What the Zoo Taught Me About Animal BehaviorTracey Clark
The other day my youngest daughter and I spent the afternoon at the zoo. It had be a few years since we had been and it seemed like the perfect place to meet up with our extended family in celebration of the holiday weekend. Surprise surprise, a lot of other people had a similar thought. But even despite the crowds and the heat—thank goodness for the shady footpaths—we enjoyed strolling the lush and lovely zoo grounds and visiting the animals.
As we sat down for lunch at a the hamburger stand near the giraffe exhibit—don’t even get me started on how precious the baby giraffe is—the chimpanzees began screeching. I could see the grassy hill of the exhibit from my seat and watched bits and pieces of the scuffle come in and out of view. But the sound! It was the kind of sound that you could feel in your gut. Finishing our lunch, we were all grimacing and wincing as the sound rose and fell, started and stopped only to start again; a hysterical chorus of screaming chimpanzees. It made me shiver. And yet, looking around, the sound seemed to excite the crowd. People ran over to see what all the commotion was about. As we walked in that direction, the sounds subsided but the crowd grew. The fighting amongst the chimps ceased but the tension between them did not. I was chilled by an uncomfortable feeling of volatility and unrest.
As I pointed my camera at a chimp that had isolated itself up on a little rock ledge, the people around me we’re exchanging annoying anecdotes and laughing amongst themselves; loud, obnoxious, and totally ignorant. The energy of the entire crowd was noticeably heightened. Before I could even trigger my shutter the woman next to me—who was holding a four year old boy—rose her voice stating with authority (and no compassion), “A baby chimp was killed here a week ago by one of the older chimps who smashed it’s head on a rock!” And with that my stomach dropped. Whether or not that was true almost didn’t matter. What alarmed me was her desire to share with everyone around her—including her young son—the graphic and gory details of a heartbreaking visual image. And a moment later the chimps began another round of screams and the woman began bouncing her son on her hip chanting, “Fight, flight, fight.”
Within the next few minutes I overheard a flood of disconcerting comments accompanied by frenetic and inappropriate laughter. Everything from “Look, he’s picking his nose” to “Look at that one’s giant butt” to a number of others to inappropriate and quite frankly, disturbing to repeat. As I observed the crowd around me, it was obvious that they were feeding off of each other. Or maybe they were feeding off of the energy of the chimpanzees. All that unrest and tension getting people whipped up into a frenzy of or maybe the chimps were feeding off the crowd. Or maybe both. For a moment it felt like there were no walls between us. As if our animal behavior connected us; acting, reacting, confined, and potentially explosive. The unstable climate of the situation was palpable. And as I began to make my way out of the crowd with my family I realized it was as close to a Lord of the Flies moment as I would ever hope to get.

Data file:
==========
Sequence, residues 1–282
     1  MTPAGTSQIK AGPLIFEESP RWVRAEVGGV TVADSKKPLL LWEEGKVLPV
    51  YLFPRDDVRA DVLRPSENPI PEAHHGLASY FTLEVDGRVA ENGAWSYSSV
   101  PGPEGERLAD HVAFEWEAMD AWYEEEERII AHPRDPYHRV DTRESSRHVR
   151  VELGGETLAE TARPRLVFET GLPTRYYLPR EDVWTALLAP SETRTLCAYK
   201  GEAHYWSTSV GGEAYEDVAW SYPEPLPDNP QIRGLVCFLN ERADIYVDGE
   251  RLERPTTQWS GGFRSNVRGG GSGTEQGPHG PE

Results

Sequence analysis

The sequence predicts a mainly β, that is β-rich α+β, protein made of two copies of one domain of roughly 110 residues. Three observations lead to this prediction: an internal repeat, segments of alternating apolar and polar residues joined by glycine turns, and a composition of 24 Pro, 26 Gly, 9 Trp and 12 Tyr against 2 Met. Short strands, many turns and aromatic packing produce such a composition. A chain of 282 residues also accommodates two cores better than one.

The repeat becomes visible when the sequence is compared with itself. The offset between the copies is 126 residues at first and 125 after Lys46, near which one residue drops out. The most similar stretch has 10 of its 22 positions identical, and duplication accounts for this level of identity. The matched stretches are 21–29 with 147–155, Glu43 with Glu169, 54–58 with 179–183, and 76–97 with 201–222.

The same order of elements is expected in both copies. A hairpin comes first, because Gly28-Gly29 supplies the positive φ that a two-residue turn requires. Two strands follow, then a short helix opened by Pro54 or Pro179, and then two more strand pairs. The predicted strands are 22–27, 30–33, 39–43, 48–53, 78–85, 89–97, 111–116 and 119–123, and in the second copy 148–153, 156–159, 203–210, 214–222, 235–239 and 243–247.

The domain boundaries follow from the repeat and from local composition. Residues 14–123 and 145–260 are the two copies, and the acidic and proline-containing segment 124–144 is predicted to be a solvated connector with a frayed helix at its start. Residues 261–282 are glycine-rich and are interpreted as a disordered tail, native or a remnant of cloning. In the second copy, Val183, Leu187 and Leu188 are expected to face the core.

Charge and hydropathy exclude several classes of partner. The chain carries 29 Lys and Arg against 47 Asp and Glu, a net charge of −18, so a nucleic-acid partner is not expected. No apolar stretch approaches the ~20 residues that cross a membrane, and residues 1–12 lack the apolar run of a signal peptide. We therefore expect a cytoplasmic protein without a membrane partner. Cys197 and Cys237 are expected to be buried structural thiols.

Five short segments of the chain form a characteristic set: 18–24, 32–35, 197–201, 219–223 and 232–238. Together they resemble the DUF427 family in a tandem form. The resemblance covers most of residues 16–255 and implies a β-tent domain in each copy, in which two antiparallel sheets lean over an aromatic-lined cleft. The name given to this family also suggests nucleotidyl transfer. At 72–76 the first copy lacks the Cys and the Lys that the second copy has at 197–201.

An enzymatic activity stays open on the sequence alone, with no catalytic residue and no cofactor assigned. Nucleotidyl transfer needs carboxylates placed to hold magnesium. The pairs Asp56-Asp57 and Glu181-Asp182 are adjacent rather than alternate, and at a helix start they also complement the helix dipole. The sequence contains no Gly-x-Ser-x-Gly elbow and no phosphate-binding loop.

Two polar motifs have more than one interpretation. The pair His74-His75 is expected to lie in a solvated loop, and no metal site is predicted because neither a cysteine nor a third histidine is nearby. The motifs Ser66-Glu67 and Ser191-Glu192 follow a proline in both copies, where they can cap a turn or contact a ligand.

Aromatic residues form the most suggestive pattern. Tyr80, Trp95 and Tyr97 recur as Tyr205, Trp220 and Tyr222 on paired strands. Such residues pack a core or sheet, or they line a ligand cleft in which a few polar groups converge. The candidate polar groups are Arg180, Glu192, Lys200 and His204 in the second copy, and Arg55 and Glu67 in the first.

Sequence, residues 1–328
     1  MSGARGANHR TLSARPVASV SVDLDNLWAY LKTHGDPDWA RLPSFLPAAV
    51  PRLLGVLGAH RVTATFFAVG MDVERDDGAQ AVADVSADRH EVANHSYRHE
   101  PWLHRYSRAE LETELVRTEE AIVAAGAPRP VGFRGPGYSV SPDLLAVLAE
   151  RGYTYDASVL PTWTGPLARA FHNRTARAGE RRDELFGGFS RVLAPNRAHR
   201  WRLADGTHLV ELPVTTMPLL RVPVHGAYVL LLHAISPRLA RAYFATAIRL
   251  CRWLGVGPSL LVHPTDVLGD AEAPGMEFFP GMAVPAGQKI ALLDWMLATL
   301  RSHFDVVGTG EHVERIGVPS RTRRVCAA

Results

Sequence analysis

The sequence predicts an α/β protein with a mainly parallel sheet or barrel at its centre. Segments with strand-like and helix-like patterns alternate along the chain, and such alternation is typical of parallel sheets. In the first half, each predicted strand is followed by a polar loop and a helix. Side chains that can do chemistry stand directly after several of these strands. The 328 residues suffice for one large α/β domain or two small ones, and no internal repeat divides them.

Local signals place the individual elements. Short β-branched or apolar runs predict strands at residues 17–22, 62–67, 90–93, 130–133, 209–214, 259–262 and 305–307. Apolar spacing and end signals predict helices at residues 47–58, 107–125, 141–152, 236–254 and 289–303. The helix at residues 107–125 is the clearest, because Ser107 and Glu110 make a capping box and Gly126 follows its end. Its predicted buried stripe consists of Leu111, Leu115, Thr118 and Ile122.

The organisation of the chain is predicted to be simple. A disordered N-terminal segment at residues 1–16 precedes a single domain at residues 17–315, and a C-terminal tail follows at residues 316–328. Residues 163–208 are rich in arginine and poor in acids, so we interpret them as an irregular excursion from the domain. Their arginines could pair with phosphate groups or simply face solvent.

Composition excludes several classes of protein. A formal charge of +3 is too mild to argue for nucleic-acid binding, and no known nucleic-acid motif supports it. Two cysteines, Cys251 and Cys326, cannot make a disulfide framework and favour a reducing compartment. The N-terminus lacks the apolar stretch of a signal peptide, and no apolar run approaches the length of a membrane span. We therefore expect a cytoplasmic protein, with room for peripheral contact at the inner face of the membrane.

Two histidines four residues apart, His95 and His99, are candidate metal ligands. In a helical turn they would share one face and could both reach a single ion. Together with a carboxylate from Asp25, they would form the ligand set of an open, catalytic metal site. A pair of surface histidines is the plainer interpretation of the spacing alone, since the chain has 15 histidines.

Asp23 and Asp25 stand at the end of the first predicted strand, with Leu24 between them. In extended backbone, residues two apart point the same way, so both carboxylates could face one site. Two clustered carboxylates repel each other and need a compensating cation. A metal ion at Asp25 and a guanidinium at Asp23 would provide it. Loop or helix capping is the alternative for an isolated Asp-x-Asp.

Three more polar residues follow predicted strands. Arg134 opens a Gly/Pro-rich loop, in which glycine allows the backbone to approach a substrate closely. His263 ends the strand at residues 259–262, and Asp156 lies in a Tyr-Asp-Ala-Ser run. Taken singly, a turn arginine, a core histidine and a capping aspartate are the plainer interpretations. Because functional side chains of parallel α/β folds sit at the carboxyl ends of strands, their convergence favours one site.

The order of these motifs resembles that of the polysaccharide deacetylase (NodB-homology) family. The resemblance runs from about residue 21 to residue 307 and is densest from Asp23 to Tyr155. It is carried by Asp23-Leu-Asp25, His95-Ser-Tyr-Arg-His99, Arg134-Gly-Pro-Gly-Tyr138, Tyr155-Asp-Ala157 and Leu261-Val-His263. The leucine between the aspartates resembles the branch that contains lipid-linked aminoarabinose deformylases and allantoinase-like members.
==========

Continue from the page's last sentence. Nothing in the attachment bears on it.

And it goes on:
As we passed by the giraffes I commented to the adults in our group at how disheartened and disturbed I had been, commenting in a huff, “I’m writing a post about this!” And so here I am. Writing. Remembering. Getting a knot in my stomach all over again. But what am I trying to say? That I’ve lost all hope in humanity? That people scare me/anger me/frustrate me sometimes? That stupid people say stupid things and unfortunately can pass down their stupidity? That keeping wild animals in a zoo is wrong? That visiting a zoo is wrong? Yes. No. Maybe.
We all slowly walked the path to the near empty Orangutan exhibit we stood at the bamboo fence and discovered a mama and her baby sitting together in a shaded corner. Calm, loving, playful and impossibly tender these two stretched, embraced, intertwined, preened, and cuddled for about a half hour as we watched. The people that came in and out of the exhibit respectfully watched the two together in quite reverie sharing an entirely different side of animal behavior. The scene brought tears to my eyes and warmed and healed the heart within me that only moments before felt broken and afraid.
I still don’t know how to make sense of it all really. All I do know is that for every part of our animal behavior that is bad, mean, cruel, fearful, and stupid, there exists a counterbalance. Behavior that’s good, kind, compassionate, courageous and brilliant that illuminates darkness, fills me with hope and restores my faith in our species.
For more about Tracey and how she elevates the everyday, visit her at traceyclark.com.
For the story about how she and her teen got here, take a peek at their first post at Reframed.
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